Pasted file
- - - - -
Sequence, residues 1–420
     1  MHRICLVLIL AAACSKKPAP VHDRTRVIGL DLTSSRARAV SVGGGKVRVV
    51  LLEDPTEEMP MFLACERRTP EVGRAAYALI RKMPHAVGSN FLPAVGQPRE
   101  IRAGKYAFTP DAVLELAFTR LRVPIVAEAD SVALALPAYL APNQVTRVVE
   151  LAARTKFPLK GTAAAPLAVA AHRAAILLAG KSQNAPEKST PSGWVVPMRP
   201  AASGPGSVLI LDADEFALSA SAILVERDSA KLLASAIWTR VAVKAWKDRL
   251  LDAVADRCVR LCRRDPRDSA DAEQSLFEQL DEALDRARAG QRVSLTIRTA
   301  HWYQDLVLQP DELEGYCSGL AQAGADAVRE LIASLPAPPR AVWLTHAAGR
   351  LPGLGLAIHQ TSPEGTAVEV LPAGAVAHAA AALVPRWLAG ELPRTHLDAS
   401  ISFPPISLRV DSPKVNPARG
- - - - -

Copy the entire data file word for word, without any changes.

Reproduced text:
Sequence, residues 1–420
     1  MHRICLVLIL AAACSKKPAP VHDRTRVIGL DLTSSRARAV SVGGGKVRVV
    51  LLEDPTEEMP MFLACERRTP EVGRAAYALI RKMPHAVGSN FLPAVGQPRE
   101  IRAGKYAFTP DAVLELAFTR LRVPIVAEAD SVALALPAYL APNQVTRVVE
   151  LAARTKFPLK GTAAAPLAVA AHRAAILLAG KSQNAPEKST PSGWVVPMRP
   201  AASGPGSVLI LDADEFALSA SAILVERDSA KLLASAIWTR VAVKAWKDRL
   251  LDAVADRCVR LCRRDPRDSA DAEQSLFEQL DEALDRARAG QRVSLTIRTA
   301  HWYQDLVLQP DELEGYCSGL AQAGADAVRE LIASLPAPPR AVWLTHAAGR
   351  LPGLGLAIHQ TSPEGTAVEV LPAGAVAHAA AALVPRWLAG ELPRTHLDAS
   401  ISFPPISLRV DSPKVNPARG